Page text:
Album reviews: Jarv Is | The Chicks | Rory Butler | AR Pinewood | Paul Lewis | Marcin Wasilewski Trio & Joe Lovano

Jarvis Cocker, pop’s 1970s biology teacher, has not lost his class, while The Chicks break with the past

Jarvis Cocker
Jarvis Cocker

Jarv Is: Beyond the Pale (Rough Trade) ****

The Chicks: Gaslighter (Columbia) ***

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Rory Butler: Window Shopping (Vertical Records) ****

AR Pinewood: No Life (Lost Map) ***

Although the eminent Jarvis Cocker has undertaken diverse musical manoeuvres in recent times, Beyond the Pale is the first new album from the former Pulp frontman in over a decade, and comes courtesy of his latest outfit Jarv Is, formed with kindred spirits such as harpist Serafina Steer.

A number of the songs will be familiar to Jarv Is audiences. The group is already a mean live machine, having shaped material on tour in 2018/9 (including a date at the Edinburgh International Festival last August), and this is reflected in the jamming length of the seven tracks.

Cocker is one of our most idiosyncratic musicians but the first thing heard on opening track Save the Whale is a skinny electro pulse and Emma Smith’s scratchy violin, before Cocker’s unmistakeable voice intones in baritone soothsayer mode, his rhyming couplets driving home the wry humour while siren backing vocals echo his pronouncements.

Cocker lives up to his 1970s biology teacher image on the urgent pulsating entreaty of MUST I EVOLVE? (“yes yes yes yes,” chant the sirens) as he works up a 90s indie rave lather, charting the development of a relationship (“now it gets exciting, because cells start dividing”).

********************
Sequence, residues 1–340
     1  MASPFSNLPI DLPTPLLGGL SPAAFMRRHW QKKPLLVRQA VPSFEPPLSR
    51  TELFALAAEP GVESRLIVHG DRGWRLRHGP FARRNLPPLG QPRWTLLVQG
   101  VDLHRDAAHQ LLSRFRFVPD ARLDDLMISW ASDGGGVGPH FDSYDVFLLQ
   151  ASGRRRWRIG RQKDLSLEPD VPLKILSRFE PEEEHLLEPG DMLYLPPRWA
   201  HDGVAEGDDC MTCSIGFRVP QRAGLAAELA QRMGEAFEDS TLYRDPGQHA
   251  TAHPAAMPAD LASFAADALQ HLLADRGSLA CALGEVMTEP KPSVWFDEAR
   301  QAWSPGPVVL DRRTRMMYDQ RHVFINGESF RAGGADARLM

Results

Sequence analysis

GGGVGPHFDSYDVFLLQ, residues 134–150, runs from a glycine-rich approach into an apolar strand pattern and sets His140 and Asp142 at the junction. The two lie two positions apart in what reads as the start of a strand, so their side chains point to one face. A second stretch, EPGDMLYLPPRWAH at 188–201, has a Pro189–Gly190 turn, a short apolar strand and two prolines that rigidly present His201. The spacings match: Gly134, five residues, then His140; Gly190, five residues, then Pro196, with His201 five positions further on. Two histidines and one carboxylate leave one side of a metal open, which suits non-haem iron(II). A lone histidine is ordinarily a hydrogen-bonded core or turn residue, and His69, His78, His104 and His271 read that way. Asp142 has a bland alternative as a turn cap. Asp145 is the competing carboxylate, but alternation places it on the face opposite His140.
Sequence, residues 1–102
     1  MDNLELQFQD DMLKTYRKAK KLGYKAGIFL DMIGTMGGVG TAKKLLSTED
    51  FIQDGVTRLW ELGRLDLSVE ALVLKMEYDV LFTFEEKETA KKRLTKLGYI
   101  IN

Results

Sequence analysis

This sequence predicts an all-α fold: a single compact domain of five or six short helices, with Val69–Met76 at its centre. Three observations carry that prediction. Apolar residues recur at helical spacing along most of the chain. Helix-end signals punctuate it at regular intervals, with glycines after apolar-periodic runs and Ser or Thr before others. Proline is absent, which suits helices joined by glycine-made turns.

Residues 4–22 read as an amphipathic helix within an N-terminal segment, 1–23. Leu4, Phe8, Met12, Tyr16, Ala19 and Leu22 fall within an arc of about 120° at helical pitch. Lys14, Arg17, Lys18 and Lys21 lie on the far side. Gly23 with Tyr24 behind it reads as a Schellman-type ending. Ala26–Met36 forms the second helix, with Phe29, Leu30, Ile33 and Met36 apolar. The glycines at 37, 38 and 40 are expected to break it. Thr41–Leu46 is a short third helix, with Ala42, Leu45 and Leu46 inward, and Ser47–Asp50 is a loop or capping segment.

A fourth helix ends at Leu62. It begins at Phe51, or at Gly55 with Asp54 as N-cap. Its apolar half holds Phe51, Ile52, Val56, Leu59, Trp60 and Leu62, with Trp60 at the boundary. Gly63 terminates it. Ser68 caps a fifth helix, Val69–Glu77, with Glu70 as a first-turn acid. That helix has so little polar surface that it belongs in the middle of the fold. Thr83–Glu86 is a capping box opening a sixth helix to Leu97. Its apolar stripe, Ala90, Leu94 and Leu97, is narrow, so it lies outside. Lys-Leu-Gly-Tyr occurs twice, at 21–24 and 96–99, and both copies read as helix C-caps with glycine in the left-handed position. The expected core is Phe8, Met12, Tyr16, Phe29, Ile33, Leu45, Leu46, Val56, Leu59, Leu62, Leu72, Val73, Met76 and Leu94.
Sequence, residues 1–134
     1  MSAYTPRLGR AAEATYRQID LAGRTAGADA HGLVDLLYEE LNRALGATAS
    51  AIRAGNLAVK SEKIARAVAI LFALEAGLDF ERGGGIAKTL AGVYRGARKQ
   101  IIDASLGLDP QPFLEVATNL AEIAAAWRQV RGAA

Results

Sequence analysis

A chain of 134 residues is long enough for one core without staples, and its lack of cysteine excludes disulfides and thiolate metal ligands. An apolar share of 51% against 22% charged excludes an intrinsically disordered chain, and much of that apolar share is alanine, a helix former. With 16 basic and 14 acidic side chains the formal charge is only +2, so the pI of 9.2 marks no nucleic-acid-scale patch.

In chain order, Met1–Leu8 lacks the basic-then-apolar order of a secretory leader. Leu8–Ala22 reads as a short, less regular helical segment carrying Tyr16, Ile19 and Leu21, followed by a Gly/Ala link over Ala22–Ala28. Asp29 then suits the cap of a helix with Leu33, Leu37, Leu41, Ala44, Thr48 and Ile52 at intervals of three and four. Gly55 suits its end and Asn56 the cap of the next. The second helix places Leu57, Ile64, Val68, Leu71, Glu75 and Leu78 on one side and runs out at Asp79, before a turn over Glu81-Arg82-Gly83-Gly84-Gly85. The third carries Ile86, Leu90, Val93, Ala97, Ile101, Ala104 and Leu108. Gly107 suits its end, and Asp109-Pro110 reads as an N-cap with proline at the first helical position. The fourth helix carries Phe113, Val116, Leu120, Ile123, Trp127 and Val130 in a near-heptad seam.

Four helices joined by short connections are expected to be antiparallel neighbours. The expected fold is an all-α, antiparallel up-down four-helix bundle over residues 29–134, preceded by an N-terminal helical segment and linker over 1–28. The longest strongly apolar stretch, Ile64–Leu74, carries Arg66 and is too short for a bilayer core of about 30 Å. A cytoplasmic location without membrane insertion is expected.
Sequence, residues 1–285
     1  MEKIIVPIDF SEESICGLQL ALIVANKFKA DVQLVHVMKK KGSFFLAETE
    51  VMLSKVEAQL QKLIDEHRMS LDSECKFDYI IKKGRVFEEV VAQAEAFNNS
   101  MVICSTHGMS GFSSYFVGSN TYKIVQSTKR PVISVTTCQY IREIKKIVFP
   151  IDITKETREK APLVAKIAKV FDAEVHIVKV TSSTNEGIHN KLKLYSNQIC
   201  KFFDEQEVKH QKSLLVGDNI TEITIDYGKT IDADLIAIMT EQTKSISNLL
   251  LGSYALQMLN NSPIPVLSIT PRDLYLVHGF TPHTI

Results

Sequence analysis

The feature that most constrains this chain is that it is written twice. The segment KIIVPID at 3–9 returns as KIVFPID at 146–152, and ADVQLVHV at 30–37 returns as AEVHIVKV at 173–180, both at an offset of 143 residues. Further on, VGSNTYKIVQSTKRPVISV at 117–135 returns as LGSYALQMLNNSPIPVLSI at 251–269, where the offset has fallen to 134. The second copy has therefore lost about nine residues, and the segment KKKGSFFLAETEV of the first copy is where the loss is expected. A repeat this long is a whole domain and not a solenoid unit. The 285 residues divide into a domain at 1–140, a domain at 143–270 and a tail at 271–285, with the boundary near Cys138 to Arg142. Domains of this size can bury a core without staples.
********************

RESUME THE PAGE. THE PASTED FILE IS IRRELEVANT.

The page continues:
There are other echoes of Pulp’s heyday. House Music All Night Long features the album’s most enticing melodic hook, matching a free, uplifting groove to a song about partying alone. Swanky Modes, named after a clothes shop in Camden, is a very Jarvis title, intimating a municipal seediness reminiscent of 21st century urban chronicler Baxter Dury.

But Cocker and co also spread their tentacles with the electro tango and steel percussion of Am I Missing Something? and the dubby Afro-funk flavour of Children of the Echo.

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Dixie Chicks have followed their country pop peers Lady Antebellum in voluntarily dropping the part of their name with slavery connotations. Ever outspoken and unapologetic, they have rebranded as The Chicks, saying “we want to meet this moment.” March March, a robust tribute to going your own way, which references both school shooter Brenda Ann Spencer and the 2018 Helsinki summit between Trump and Putin, now also resonates with the recent Black Lives Matter protests.The trio hit the ground running with the title track of Gaslighter, with frontwoman Natalie Maines sparing no blushes for her ex-husband Adrian Pasdar by also referencing a brazen infidelity on Tights on My Boat. Overall though, the album is a more thoughtful affair on the tired and regretful Everybody Loves You and plaintive ballads Set Me Free and Young Man, the latter a wistful twist on Neil Young’s Old Man.